One of the great improvements the Canadian 82 pattern webbing set brought over its predecessor, the 64 pattern set, was that it finally reintroduced a dedicated ammunition pouch: that the 64 pattern did not have one is still frankly baffling. The new set was heavily influenced by the US ALICE system and in the end two distinct variants of the pouch were produced, an original plain ammunition pouch and a later development with a pair of grenade pouches fitted to either side:The pouches held two magazines for the service rifle, with a pair of lifting tabs to help pull them out of the pouch:The user’s manual illustrated how to use them:A top cover was provided to keep the elements off the magazines, secured with the standard plastic and webbing tape quick release buckle:The back of the pouch has the usual plastic tabs to engage with the eyelets on the 82 pattern belt:Velcro then passes over them to help secure it further:Drainage holes are fitted to the base of the pouch to allow water to drain off:The second pattern pouches have two grenade pockets on either side of the main pouch body. I do not have a Canadian grenade available, but this British training grenade illustrates the principle:Variants of this pouch can be found to fit FN C1 magazines and C7 magazines, with slightly larger examples available to house FN C2 magazines. The pouches were generally well liked, the most serious complaint being that the stitching sometimes broke and became loose, the go to repair being to patch them up with heavy duty tape.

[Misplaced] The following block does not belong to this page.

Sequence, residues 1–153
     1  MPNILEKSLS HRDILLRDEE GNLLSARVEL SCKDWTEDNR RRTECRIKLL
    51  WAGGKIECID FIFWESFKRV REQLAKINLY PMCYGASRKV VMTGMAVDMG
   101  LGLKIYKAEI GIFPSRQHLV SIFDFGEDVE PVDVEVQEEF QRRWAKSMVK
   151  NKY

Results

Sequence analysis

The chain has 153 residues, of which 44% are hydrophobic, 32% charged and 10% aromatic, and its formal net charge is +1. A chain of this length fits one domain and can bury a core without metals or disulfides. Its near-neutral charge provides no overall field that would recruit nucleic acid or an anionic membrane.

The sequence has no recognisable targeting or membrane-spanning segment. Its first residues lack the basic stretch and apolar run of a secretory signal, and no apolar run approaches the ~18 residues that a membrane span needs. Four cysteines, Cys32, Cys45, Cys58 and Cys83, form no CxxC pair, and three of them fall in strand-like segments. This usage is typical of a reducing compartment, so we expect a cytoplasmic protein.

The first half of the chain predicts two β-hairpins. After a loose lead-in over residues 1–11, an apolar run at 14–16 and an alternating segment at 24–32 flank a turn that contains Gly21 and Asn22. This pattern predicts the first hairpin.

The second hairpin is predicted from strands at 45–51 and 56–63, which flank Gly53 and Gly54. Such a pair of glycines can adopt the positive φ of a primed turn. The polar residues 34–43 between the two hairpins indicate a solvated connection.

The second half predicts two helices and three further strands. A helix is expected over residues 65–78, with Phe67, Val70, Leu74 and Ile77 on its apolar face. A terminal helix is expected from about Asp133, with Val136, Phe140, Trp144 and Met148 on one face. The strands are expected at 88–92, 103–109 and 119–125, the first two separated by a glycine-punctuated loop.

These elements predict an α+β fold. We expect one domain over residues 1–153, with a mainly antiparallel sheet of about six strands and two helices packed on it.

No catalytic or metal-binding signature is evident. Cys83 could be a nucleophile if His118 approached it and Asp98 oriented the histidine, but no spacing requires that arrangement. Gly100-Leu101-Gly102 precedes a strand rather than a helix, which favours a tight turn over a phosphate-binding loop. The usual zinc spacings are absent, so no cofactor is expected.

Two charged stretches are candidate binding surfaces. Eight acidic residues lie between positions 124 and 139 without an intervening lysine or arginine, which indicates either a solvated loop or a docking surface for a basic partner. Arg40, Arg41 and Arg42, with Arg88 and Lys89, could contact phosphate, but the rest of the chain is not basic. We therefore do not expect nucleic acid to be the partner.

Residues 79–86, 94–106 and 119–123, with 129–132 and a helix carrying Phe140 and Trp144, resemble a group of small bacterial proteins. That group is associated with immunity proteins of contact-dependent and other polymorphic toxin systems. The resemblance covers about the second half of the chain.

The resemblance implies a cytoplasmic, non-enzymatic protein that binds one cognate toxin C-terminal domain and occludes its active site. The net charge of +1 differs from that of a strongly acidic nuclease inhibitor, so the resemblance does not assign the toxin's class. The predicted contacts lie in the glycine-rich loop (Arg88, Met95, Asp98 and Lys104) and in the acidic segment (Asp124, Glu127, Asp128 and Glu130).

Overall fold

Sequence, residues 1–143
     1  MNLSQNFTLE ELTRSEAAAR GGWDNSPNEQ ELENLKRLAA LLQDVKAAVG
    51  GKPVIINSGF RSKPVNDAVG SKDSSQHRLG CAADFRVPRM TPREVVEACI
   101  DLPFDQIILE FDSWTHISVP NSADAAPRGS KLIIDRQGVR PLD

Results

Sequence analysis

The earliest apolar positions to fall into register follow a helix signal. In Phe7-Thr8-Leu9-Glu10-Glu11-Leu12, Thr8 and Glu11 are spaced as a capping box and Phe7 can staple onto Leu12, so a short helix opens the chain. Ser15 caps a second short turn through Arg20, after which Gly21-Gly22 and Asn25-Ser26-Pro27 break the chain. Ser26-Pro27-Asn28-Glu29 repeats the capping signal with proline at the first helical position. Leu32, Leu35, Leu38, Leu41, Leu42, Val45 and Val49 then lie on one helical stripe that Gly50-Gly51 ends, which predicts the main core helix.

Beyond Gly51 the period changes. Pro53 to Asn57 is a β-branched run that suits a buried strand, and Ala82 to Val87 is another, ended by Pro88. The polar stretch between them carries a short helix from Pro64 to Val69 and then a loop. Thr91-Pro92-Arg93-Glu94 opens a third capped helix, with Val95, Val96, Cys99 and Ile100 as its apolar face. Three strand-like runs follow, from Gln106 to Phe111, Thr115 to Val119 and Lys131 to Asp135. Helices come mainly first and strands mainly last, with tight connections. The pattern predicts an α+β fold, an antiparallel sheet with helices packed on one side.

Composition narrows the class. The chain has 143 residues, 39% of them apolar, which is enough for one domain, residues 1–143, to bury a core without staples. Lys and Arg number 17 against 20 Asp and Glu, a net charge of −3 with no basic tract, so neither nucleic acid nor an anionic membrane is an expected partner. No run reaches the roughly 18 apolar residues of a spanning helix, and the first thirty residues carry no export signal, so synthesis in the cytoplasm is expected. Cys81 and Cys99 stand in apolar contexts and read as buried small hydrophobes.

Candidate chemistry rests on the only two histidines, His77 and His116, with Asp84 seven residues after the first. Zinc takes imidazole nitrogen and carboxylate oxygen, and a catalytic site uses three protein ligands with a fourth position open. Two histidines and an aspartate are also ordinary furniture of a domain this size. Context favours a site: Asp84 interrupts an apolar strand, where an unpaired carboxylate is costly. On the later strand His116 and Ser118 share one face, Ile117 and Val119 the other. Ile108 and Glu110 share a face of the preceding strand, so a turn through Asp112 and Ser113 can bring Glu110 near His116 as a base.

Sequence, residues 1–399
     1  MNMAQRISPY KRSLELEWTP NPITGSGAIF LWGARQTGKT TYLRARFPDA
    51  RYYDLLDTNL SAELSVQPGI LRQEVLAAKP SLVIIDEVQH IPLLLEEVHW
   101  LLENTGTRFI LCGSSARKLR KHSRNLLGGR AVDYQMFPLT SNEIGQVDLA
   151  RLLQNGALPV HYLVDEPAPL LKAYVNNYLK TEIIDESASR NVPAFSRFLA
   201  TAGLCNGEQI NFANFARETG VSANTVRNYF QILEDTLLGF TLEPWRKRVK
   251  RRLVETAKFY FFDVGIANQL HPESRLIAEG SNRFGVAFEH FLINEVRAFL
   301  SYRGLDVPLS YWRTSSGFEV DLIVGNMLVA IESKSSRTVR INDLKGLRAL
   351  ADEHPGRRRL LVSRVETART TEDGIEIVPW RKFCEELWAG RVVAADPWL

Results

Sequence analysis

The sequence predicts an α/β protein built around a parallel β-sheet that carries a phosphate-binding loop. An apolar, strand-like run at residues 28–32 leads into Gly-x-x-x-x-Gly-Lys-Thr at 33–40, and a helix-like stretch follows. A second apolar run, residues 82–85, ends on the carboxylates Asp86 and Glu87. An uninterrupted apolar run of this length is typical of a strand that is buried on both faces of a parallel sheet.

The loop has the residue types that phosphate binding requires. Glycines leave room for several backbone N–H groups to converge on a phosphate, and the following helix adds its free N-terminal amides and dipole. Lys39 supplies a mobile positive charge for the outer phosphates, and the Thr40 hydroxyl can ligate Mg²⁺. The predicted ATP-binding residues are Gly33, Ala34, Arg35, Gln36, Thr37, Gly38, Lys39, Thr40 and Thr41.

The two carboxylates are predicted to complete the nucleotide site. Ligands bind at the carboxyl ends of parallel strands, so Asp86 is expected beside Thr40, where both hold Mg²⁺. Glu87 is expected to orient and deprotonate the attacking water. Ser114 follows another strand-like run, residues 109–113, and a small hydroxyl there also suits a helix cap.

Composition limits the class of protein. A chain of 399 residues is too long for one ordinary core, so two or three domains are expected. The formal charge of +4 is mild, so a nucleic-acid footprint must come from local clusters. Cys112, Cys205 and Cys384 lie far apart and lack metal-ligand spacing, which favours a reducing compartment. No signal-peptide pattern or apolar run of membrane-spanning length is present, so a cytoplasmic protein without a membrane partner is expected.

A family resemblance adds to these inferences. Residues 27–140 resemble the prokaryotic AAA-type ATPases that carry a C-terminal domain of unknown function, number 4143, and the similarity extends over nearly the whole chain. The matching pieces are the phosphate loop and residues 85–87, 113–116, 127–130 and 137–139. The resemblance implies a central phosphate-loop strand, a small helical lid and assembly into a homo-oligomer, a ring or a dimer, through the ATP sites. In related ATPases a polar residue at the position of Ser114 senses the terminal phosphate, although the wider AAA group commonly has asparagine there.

At the end of last year we looked at a 1960s parachute illuminating mortar bomb here. Tonight we are looking at a second example of the parachute flare mortar bomb, this time however it is a wartime example and is far more complete than the previous one:Unlike later bombs, this example is painted black, with yellow lettering stencilled on the outside:The thin metal cap that covers the end is still extant on this bomb, and is stamped with a date of 1940:The end cap is also wartime dated, here it is 1942:The FD stands for Fry’s Die Castings Ltd, of London, who manufactured the component. The distinctive holes for a parachute illuminating bomb can be seen directly above the tail of the mortar bomb:These had closing discs over them originally which burnt away when the bomb was fired. Inside the bomb originally would have been a parachute, flare canister and small bursting charge:Unusually this bomb still has the parachute:And the burnt out remains of the flare:The 1959 mortar manual describes its operation: